[nycbug-talk] a new direction for NYC*BUG

George Rosamond george at ceetonetechnology.com
Fri Mar 19 12:31:48 EDT 2010

There have been various on and off-line discussions about how to move 
NYC*BUG forward.

I wrote up this doc recently as an overview to a new approach.

I alluded to some of the ideas at the last meeting. . . that we would 
work to provide something of an "open source platform" for various 
projects spawned out of NYC*BUG.

Various people on admin@ and off it have looked at the doc. . . and I 
look forward to opening up this discussion to the talk list.

As a quick operational note, we need 3 large IDE drives to build out a 
jail box for the base functionality we are looking to provide.

Anyway, read on, and let the discussion begin.

*	*	*

NYC*BUG's Bazaar

Since we began in December 2003, NYC*BUG sought to be a platform for 
others in the realm of BSD Unix.

That platform entails an array of roles.

It might be entertaining queries on the talk mailing list.  Maybe it's a 
systems administrator looking for a better way of scripting a task.  Or 
a new user having installation problems with a certain network card.  Or 
even a developer seeking new contributers for a software project.

The monthly meetings and biannual conferences allow various projects to 
be explained, users to network, bridges to be built.

More broadly, we have regularly contributed to all the BSD projects, 
looking to strengthen their at-hand resources.

The profits from our conferences are sent to the projects, and we host a 
multitude of services for the community.

But there is another angle in which to approach our role as a technical 
user group.

We have had instances in which individuals launch similarly inclined 
user groups or mailing lists.  They may seek advice or resources, 
particularly since we have maintained a longevity and relevance uncommon 
for techncial user groups.

I think, however, it is time to approach that role with more structure 
and seriousness.

We could easily become a platform for launching related projects to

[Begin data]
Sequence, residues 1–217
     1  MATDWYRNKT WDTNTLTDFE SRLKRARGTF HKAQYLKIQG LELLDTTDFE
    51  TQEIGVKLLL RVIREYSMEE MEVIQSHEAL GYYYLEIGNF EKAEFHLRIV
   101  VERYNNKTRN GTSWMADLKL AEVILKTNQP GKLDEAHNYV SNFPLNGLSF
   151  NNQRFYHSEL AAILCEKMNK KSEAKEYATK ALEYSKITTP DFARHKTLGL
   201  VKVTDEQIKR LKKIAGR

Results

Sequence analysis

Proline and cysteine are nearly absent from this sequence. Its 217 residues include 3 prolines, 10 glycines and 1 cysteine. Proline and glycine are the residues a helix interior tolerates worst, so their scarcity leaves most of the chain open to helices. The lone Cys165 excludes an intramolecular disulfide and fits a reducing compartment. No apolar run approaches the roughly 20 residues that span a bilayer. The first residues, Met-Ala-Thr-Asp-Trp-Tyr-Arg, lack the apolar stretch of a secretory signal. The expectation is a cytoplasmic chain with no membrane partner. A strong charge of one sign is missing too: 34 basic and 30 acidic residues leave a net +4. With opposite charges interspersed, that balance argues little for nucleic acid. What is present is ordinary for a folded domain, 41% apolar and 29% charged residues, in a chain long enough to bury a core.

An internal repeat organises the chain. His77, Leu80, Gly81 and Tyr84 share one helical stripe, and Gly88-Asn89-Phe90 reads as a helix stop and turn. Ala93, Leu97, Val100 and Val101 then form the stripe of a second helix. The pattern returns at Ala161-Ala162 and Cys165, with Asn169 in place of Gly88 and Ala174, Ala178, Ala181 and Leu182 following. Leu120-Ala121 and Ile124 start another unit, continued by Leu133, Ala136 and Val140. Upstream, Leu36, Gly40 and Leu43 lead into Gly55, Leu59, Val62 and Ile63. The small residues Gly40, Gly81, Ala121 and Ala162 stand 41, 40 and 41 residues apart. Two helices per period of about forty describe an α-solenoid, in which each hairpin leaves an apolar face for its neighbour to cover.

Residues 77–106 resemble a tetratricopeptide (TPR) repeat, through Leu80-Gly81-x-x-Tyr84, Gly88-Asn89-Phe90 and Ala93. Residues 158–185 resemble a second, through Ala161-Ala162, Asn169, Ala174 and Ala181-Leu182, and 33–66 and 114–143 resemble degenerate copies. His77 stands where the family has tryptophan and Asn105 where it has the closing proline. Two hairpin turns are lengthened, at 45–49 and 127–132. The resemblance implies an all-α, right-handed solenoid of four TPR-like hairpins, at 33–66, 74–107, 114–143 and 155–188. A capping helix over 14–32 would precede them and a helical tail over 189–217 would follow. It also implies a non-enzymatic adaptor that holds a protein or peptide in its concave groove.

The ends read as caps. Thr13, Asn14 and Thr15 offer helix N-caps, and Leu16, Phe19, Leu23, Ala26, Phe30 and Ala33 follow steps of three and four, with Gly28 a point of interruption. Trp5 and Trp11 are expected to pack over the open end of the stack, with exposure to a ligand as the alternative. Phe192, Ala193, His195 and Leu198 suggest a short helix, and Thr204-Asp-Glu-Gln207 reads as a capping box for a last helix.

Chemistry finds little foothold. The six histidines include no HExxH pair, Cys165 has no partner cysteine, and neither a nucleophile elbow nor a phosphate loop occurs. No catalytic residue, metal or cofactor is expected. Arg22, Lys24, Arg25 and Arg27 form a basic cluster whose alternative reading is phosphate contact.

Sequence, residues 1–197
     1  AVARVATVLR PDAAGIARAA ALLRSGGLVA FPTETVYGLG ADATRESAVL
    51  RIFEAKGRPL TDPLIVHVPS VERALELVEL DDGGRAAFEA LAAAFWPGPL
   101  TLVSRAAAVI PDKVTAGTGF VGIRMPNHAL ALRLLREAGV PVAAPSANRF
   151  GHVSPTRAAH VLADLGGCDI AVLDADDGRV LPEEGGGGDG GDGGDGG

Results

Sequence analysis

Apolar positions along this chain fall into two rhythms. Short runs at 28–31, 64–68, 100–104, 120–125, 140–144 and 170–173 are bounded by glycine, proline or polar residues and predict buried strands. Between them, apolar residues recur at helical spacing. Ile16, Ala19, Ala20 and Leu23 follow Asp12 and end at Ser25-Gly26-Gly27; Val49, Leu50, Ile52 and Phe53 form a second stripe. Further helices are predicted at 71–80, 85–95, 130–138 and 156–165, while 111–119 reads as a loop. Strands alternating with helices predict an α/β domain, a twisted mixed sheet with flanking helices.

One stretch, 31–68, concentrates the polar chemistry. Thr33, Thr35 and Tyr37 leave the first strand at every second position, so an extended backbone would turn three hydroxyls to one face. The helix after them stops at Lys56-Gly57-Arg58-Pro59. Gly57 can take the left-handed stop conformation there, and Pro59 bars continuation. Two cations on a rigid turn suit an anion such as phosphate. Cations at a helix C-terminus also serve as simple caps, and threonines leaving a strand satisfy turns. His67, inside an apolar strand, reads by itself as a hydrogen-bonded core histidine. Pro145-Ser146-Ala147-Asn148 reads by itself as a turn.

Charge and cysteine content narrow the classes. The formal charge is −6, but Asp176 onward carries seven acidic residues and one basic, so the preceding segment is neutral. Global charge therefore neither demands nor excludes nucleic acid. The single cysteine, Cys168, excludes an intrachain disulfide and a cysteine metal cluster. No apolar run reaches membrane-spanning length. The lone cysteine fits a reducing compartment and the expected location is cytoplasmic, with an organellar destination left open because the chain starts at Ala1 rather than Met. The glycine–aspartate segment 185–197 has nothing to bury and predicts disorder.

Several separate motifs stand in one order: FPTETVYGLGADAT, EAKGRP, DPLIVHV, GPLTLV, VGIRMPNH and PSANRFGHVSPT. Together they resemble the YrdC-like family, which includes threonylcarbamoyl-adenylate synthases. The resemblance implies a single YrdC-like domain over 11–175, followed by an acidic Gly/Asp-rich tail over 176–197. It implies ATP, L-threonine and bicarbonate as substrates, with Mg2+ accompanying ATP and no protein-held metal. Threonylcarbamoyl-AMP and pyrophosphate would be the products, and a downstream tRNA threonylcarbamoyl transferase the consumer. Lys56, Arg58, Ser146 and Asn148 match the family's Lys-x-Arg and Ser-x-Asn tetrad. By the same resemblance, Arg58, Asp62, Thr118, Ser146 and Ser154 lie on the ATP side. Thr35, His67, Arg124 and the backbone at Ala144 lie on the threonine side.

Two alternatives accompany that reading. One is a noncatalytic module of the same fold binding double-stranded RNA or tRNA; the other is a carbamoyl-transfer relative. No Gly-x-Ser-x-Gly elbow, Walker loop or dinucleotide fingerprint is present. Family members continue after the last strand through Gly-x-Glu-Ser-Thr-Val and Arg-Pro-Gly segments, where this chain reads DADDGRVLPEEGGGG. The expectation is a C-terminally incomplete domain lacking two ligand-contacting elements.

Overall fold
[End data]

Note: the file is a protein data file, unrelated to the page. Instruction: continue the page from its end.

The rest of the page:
aggregate others for them and encourage development by providing a basic 

BSDTV: A Case in Point

Let us start with a recent example.

Two regular members of NYC*BUG recently approached a member the admin 
group and mentioned the concept of a BSDTV: an online video program 
covering the projects, developers and maybe corporate users of BSD Unix.

While we can not offer a full studio and massive distribution on the 
scale of Viacom, we can provide colocation space in our New York 
Internet cabinet, hardware for a server with a public IP, plus some 
advisement and pointers to other possible directions and resources.

Within a few weeks, the two BSDTV initiators had Plone set up on a 
server, and began uploading various videos to several video-hosting sites.

They can immediately begin to enlist others to their efforts, and gain 
some degree of validation, if needed, in the eyes of the larger 
technical community, by their association with NYC*BUG.

And they have a captive audience of hundreds on the talk and announce 
mailing lists.

Where Do We Stand Now?

I do not want to fully ingest the classic "Cathedral and Bazaar" concept 
from Eric Raymond for a number of reasons.  Rather we can talk about 
providing a full "open source platform" for launching projects related 
to the BSDs.

I use the term "open source" in the basic sense of the term, as it was 
acted upon but not necessarily labeled as such since the beginning of 
electronic computing.

In the Cold War period and often before, computer developers and 
technicians often had a large resource pool and networks from which to 
enlist guidance and involvement from, dependent upon the state of the 
world's current affairs and public expenditures that trickled into 

That was the mark of the Bell Labs.

But while we are clearly in no position to launch the next Thompson, 
Kernighan or Ritchie, we can provide resources and more to the scores of 
people who regularly are involved with NYC*BUG on some level or another.

No, they will not be inventing the new C or Unix 3.0, but they could 
launch projects beneficial to the BSD community and to the technical 
community beyond.

Inventors in our era are more "assemblers" and do not require blue-sky 
budgets and endless time.  We are essentially enabling assemblers.

We have been fortunate to assist the BSD Certification Group in 
providing colocation space, veteran BSD users for the Subject Matter 
Expert sessions, and much more.

However, we should look at a simple basic framework that eases the 
problems of initiating projects and publicizing them beyond.

Our Bazaar

While the details could be approached as requests are raised, we can 
posit the following resources to any group of people interested in 
initiating a project:

1.  Colocation space, most likely a FreeBSD jail with a public IP or 
maybe a 1U server.

2.  A listing on the NYCBUG.org web site's "projects" page, providing a